Why is this post about metaphysics appearing at a website devoted to traditionalism, which is primarily concerned with culture? Because if a people is to make sense of its culture, and feel truly acculturated, and feel that their acculturation fits them well for life in this world – if, i.e., they are to feel, or be, truly sane – they must understand how their culture agrees with the order of being. In respect to that agreement – or, these days, mostly disagreement – and through no particular fault of their own, the people of the West are now quite obtuse. How do I know? I’m obtuse myself.
Perhaps it was ever thus. But, perhaps not. Either way, this culture has only a few years to get its bearings.
So, from time to time I may post about how metaphysical notions that can seem quite incomprehensible at first glance are expressed in our experience – in all our experience. We don’t generally notice these aspects of experience, and in fact picking them out can be quite difficult – at least, I have found it so – because they characterize experience per se. You can’t have an experience at all without expressing these metaphysical notions. But this makes them – like motion or time – very hard to notice, or therefore to think about.
The point of connection to traditionalism is that these basic notions have, it turns out, all been worked through comprehensively by our forefathers. They lie at the core of what it is to be a member of our culture. As it behooves us to understand and honor our patrimony, it behooves us likewise to understand its basic philosophical axioms.
I don’t mean for a moment to suggest that I do yet understand them. On the contrary; I’ve been thinking about this stuff for a long time, and I still feel mostly confused. But, sometimes a light goes on in my head.
How did I get to be “in” this moment that I am now in, this moment of experience in the career of such moments that is my life? Where did this moment come from? When I search for the root of my own being – the being that is this moment of me, right now – I cannot find it. It is as if there is nothing there to be found in the first place. My origin is a mystery.
I can, to be sure, see the connections between my past moments. I can see how one thing I did, or that happened to me, led in orderly fashion to another. Also, I can see the connections between past moments of my life and other occasions in the world, those that formed my environment. But these connections I can see only ex post facto. Of the future, I can see nothing. Indeed, if there was something there in the future to be seen, that future would not be future at all, but rather a part of the past. The future would in that case lose all of its character of futurity.
And, while I can see how the moments of my past influence this moment, they did not provide or produce it. If the production of this present moment were something we could properly refer to the past, then this present moment would be nothing more than an aspect of the past; and while this moment feels intimately related to its past, it feels also utterly different than that past. If it were not thus different, why then it would not exist as itself, at all. The past is the past, is complete and whole; it has a surface, a character of its own that is just its own, and that it presents to its future – to these moments we are in right now – as an accomplished fact. If it did not, how could it appear to us as past, or as fact?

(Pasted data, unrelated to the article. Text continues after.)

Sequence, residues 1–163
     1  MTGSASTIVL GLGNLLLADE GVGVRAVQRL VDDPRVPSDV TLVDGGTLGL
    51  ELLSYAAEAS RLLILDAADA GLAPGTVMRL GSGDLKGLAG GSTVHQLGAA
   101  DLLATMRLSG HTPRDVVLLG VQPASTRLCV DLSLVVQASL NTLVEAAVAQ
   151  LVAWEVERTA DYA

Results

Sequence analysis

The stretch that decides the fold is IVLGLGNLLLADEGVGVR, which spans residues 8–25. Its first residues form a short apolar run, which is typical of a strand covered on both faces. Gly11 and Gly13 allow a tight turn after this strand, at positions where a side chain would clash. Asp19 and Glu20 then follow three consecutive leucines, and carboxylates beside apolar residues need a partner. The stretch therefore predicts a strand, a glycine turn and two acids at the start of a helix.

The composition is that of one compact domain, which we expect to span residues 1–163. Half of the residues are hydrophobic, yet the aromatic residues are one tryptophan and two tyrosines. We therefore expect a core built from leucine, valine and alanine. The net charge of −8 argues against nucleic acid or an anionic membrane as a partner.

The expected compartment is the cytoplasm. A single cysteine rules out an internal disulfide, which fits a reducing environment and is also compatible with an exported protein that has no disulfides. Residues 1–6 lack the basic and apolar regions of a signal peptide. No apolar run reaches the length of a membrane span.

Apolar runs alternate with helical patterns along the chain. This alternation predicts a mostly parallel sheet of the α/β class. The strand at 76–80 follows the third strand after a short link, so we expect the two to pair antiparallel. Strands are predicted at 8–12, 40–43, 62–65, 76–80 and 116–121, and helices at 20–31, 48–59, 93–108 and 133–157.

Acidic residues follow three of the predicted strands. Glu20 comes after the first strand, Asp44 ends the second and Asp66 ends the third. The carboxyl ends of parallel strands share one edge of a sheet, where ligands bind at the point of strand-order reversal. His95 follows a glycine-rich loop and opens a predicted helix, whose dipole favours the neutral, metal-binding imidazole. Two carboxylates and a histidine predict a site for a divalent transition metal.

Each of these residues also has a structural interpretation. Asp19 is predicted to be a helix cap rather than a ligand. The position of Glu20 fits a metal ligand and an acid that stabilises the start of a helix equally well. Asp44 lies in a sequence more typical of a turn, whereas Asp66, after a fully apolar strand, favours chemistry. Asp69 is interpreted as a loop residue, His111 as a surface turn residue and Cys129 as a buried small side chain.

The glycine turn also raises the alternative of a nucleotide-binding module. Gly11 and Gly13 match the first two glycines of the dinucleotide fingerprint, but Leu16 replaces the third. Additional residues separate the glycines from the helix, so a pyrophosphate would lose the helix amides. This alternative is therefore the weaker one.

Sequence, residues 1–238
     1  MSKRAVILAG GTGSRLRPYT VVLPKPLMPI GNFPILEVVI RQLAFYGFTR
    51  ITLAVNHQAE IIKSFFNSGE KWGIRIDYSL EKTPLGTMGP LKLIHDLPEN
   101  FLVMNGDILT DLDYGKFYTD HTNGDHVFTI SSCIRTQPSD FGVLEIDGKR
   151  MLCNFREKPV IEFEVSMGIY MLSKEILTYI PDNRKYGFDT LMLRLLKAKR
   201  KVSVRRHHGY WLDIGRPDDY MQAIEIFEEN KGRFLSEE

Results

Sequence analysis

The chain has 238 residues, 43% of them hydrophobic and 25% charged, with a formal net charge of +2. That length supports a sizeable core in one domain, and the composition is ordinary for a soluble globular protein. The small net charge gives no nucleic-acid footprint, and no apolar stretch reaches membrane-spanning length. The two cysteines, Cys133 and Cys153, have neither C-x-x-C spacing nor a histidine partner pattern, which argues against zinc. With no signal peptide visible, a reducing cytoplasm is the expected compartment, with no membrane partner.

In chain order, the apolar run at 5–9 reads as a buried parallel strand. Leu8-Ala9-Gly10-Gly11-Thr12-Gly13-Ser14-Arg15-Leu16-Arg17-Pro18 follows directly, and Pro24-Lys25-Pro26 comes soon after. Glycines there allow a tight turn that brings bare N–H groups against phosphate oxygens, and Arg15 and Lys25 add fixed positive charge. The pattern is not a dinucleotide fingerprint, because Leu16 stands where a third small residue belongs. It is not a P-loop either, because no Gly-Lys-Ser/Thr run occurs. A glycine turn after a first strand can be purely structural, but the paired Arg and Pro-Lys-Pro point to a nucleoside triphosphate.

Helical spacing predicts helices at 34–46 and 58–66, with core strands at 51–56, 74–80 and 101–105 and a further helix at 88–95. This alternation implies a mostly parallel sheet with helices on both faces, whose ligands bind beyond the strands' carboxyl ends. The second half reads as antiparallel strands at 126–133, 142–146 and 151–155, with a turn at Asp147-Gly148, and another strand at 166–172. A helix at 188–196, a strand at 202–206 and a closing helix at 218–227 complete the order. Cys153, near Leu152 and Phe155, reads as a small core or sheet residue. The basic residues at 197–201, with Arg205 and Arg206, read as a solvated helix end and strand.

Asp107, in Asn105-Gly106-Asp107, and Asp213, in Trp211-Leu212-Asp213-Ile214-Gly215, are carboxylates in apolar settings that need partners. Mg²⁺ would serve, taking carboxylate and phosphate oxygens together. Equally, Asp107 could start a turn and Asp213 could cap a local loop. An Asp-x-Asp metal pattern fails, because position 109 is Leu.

The past does not intrude or merge into this present moment, for that would make it not really past. To the extent that any aspect of the past is found in the present moment, it is as a quality of the present moment that is also a quality of some past moment. But the fact that a past moment and a present moment are both characterized by the same quality does not make them somehow ontologically continuous with each other, any more than the red maple leaf and the red ball are continuous parts of the same entity just because they are both red.
Of the present, the moment that is forming right now, I can see the influences arriving from my past, and from the past of the world. They are arriving at some terminus ad quem, some point, where they are all as it were collected and accounted for, and combined into a synthesis, which is the way this moment feels. With Plato, let’s call that point the Receptacle. I cannot discern the origin of the Receptacle of this moment. Indeed, it seems to me that it was not, at all; that, before these influences from my past began arriving at the Receptacle, there simply was no Receptacle. But then, before there was a Receptacle of the form of me at this moment, there was no me at this moment to apprehend any Receptacles.
When you are knitting a net, and you are about to tie a knot, where is the node in the nexus that your knot will form, before you have knit it? How can you tie a knot at a node that does not yet exist?
So, perhaps the way this moment feels to me – and the way it feels to you – is what it is like to be created ex nihilo.
We tend to think of creation ex nihilo as something that happened at the origin of the world, but the process of creation is not something that happened once and was then done with. Not in the order of time, anyway. In the order of eternity – i.e., as things most truly are – creation is indeed something that is happening once, and simultaneously at each occasion of becoming. But in the order of time, creation ex nihilo is operative at each occasion of becoming in sequence.
These deliberations were prompted by a conversation with Joseph Arimatheus over the past year or so. I am indebted to him for sharing his fascinating notion of henadic strings. Apologies to Thomas Nagel for the title of this post.